Bad Weather? Blame an Author

There are some folks who seem to think my writing contributes to natural calamities.  There may be some truth to that.  The evidence keeps piling up.


As I look out my office window, there is a foot of snow in my back yard and on the golf course just beyond the hedge.  Kids on sleds are having great fun barreling down the twelfth fairway while some of their parents are slipping and sliding along the roadways in our area.  It’s the biggest snowfall in North Carolina in a decade.  For those who consider anything more than an inch of snow a calamity, I’m afraid they may start blaming Cooper Lanier.

Cooper is the heroine of my latest novel, The Governor’s Lady, newly-elected governor of her southern state.  On the second day she’s in office, the state is hit by a blizzard which paralyzes everything, and the snow serves as a backdrop against which a test of wills plays out between Cooper and her husband Pickett (former governor and now presidential candidate).  Will Cooper be a figurehead, a stand-in for Pickett, or will she be a dynamic decision-maker in her own right?  How she deals with the blizzard sets the stage for what comes after.

When ill-prepared Atlanta got flummoxed by snow a couple of weeks ago, several readers suggested that the honchos there should have read The Governor’s Lady to see how to handle things.  So far, no one has suggested that my inclusion of the blizzard in the story was a portent of Atlanta’s calamity.  But with a foot of snow in my back yard today, and folks slipping and sliding, I’m a tad concerned that rumblings will begin and Cooper and I will get the evil eye.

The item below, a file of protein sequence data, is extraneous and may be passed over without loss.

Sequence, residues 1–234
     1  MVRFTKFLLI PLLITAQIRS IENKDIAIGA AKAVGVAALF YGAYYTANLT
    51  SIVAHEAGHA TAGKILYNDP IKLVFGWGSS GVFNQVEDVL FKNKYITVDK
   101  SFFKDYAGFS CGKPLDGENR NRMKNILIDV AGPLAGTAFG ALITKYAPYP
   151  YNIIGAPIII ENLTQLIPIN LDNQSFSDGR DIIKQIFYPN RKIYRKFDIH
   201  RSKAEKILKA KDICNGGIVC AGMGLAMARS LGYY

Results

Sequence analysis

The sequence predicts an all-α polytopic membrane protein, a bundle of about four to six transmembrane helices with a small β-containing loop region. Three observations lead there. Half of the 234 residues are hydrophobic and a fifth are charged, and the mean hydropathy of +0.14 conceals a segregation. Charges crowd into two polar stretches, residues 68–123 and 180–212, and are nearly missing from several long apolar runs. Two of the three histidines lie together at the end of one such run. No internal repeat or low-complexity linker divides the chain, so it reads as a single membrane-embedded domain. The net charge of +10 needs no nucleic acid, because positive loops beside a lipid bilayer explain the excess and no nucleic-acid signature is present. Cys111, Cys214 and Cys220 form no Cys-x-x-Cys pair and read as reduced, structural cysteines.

Nonsense, you say.  But it has happened before.  I grew up in a river town in Alabama, and during my youth the local lore was rife with stories of the Great Flood of 1929, when the river got out of its banks and inundated the town.  My grandmother and her four kids had to escape their home in a rowboat.  While I was growing up, the river behaved itself.  Then in 1991, I published Old Dogs and Children, set in a southern town much like my own.  One of the major events is a flood.  My heroine, Bright Birdsong, escapes with her small child in a rowboat.

The novel had barely made it into print when – you guessed it – my hometown flooded.  The river, calm all those years, went nuts.  Local folks are invariably nice people, and no one said to my face that the book was to blame for the calamity, but for years after, I got jaundiced looks whenever I visited, even in church on Sunday.  I think most folks have finally forgotten and forgiven.

I would like to share the blame for any natural disaster with my fellow storytellers.  We may all be complicit in this sort of thing, whether we write of calamities or not.  The computer age has a lot to do with it.  I sit at my keyboard typing away and constantly mashing the backspace key or even highlighting and deleting entire sentences – nay, paragraphs – of slovenly prose.  By definition, it is bad stuff, not worthy of human consumption.  Where does all that bad stuff go when I zap it from my computer?  I wonder if it may be floating around out there in the ether, roiling the atmosphere and contributing to floods, hurricanes, forest fires, sun spots, and other assorted natural maladies.  Who knows, it may even be contributing to the dysfunction in Congress.